by Maddy Mackenzie
Sun Jan 20, 2019 2:10 pm
Forum: Applying Le Chatelier's Principle to Changes in Chemical & Physical Conditions
Topic: 6th edition 11.73
Replies: 1
Views: 26

6th edition 11.73

Why does b. favor the reactants if there are the same number of moles on either side of the equation?
by Maddy Mackenzie
Fri Jan 18, 2019 3:24 pm
Forum: Equilibrium Constants & Calculating Concentrations
Topic: Autoprotolysis
Replies: 2
Views: 52

Re: Autoprotolysis

When water goes through autoprotolysis, it produces a small amount of H30+ and OH-. H20 (l) goes to form OH - (aq) and H30+ (aq). If you write the K expression, it is K = [OH-][H3O+]. When measuring these values in pure water, [OH-] and [H3O+] both equal 1 x 10^-7 and K equals 1 x 10^-14. We call th...
by Maddy Mackenzie
Fri Jan 18, 2019 3:08 pm
Forum: Equilibrium Constants & Calculating Concentrations
Topic: conjugates
Replies: 3
Views: 55

Re: conjugates

yes this is due to the conjugate see saw. When the acid is very strong, then the reaction wants to proceed to the right and produce H30+. The conjugate base is then weak because the reaction favors the forward reaction and the reverse reaction (the base accepting a proton) is not favored. The base d...
by Maddy Mackenzie
Fri Jan 18, 2019 3:00 pm
Forum: Equilibrium Constants & Calculating Concentrations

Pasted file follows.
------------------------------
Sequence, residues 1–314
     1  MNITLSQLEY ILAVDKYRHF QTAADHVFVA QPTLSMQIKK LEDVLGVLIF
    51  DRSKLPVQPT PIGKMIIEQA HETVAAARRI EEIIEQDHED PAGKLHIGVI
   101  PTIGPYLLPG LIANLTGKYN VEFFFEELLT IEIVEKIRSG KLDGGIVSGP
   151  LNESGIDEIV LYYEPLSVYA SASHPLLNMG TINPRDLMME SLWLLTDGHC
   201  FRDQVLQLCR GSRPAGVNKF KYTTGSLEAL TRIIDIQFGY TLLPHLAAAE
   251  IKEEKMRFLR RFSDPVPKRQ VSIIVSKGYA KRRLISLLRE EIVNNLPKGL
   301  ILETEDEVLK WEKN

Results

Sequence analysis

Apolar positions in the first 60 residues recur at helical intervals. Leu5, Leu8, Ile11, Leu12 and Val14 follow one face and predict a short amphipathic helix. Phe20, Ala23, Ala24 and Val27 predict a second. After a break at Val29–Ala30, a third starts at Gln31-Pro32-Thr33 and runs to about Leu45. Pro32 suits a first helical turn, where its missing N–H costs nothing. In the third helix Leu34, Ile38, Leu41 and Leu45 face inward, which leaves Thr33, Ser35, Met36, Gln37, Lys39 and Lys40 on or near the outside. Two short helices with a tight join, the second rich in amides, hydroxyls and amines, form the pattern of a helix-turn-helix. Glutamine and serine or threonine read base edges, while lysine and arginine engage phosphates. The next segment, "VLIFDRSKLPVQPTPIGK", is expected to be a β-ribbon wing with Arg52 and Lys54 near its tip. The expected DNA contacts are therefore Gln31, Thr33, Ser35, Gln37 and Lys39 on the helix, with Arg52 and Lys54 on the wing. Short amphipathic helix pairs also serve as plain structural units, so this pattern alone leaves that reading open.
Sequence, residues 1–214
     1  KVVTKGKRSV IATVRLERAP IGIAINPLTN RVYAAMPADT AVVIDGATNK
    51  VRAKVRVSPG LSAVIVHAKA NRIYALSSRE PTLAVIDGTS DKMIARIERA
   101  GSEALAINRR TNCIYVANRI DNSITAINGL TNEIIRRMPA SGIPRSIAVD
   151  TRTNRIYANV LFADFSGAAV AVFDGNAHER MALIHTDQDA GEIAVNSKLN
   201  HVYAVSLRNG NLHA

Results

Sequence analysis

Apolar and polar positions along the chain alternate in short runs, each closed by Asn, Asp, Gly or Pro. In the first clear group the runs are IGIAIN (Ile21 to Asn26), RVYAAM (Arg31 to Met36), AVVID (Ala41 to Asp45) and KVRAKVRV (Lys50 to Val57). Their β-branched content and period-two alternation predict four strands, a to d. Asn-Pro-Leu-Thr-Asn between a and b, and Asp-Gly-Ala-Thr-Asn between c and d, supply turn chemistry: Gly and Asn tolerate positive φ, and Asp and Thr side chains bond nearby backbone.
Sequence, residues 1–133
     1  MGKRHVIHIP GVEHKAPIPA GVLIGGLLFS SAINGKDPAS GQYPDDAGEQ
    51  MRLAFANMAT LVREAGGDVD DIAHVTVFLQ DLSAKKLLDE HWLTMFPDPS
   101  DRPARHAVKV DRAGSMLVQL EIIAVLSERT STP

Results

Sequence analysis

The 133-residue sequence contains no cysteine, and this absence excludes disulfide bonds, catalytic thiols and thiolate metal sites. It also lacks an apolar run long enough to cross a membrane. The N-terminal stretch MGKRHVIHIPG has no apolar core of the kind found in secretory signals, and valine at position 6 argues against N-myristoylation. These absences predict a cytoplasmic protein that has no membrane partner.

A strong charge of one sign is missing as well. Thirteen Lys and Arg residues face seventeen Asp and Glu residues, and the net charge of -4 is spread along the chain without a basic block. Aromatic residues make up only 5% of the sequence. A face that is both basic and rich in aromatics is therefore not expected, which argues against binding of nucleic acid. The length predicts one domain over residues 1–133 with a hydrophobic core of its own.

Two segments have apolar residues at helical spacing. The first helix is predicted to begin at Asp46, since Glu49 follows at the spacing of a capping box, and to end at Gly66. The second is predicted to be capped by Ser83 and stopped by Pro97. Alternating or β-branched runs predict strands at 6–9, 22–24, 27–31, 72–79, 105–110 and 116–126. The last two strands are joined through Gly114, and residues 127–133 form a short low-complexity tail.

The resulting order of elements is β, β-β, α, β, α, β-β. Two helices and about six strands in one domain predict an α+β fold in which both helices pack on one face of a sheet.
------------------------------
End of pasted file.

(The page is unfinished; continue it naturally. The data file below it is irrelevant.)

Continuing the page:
Topic: Kp or Kc
Replies: 3
Views: 51

Re: Kp or Kc

typically if the question gives you a concentration then you would use Kc and if it gave you pressure then you would use Kp. You only use Kp if there are all gases in the reaction so if there are aqueous solutions involved then you need Kc. I believe you technically can use either if the question do...
by Maddy Mackenzie
Thu Jan 10, 2019 6:38 pm
Forum: Applying Le Chatelier's Principle to Changes in Chemical & Physical Conditions
Topic: what is lechatliers principle [ENDORSED]
Replies: 4
Views: 428

Re: what is lechatliers principle [ENDORSED]

Le chatlier's principle is defined as "when a stress is applied to a dynamic equilibrium, the equilibrium tends to adjust to minimize the effect of stress". This means for example that when a reactant is added, more product forms to maintain equilibrium. If reactant is removed, more reacta...
by Maddy Mackenzie
Thu Jan 10, 2019 5:39 pm
Forum: Equilibrium Constants & Calculating Concentrations
Topic: Partial Pressure vs. Brackets
Replies: 2
Views: 30

Re: Partial Pressure vs. Brackets

In a and c, the substances included in the equation are all gases so you do the partial pressure but for b they are aqueous so it is better to do the concentration
by Maddy Mackenzie
Thu Jan 10, 2019 5:36 pm
Forum: Equilibrium Constants & Calculating Concentrations
Topic: Activity
Replies: 3
Views: 50

Re: Activity

In the book, it says activity is "the effective concentration or pressure of a species J expressed as the partial pressure or concentration of the species relative to its standard value". So I think it describes a non ideal, real chemical potential for a solution rather than just an ideal ...